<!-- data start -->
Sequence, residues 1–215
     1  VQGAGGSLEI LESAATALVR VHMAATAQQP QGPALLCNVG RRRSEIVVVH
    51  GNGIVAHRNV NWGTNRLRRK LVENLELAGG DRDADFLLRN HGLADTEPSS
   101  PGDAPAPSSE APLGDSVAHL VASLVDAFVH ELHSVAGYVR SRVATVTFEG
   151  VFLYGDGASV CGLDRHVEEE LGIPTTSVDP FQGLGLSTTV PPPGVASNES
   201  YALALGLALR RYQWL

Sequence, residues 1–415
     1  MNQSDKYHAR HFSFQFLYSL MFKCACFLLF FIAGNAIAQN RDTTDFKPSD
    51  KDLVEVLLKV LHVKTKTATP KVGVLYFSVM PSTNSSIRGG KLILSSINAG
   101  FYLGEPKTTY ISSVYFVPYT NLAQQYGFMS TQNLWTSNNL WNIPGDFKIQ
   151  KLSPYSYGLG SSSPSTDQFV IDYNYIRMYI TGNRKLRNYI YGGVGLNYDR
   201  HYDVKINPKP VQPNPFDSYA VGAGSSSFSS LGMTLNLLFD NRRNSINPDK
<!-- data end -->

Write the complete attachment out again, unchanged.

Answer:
Sequence, residues 1–215
     1  VQGAGGSLEI LESAATALVR VHMAATAQQP QGPALLCNVG RRRSEIVVVH
    51  GNGIVAHRNV NWGTNRLRRK LVENLELAGG DRDADFLLRN HGLADTEPSS
   101  PGDAPAPSSE APLGDSVAHL VASLVDAFVH ELHSVAGYVR SRVATVTFEG
   151  VFLYGDGASV CGLDRHVEEE LGIPTTSVDP FQGLGLSTTV PPPGVASNES
   201  YALALGLALR RYQWL

Sequence, residues 1–415
     1  MNQSDKYHAR HFSFQFLYSL MFKCACFLLF FIAGNAIAQN RDTTDFKPSD
    51  KDLVEVLLKV LHVKTKTATP KVGVLYFSVM PSTNSSIRGG KLILSSINAG
   101  FYLGEPKTTY ISSVYFVPYT NLAQQYGFMS TQNLWTSNNL WNIPGDFKIQ
   151  KLSPYSYGLG SSSPSTDQFV IDYNYIRMYI TGNRKLRNYI YGGVGLNYDR
   201  HYDVKINPKP VQPNPFDSYA VGAGSSSFSS LGMTLNLLFD NRRNSINPDK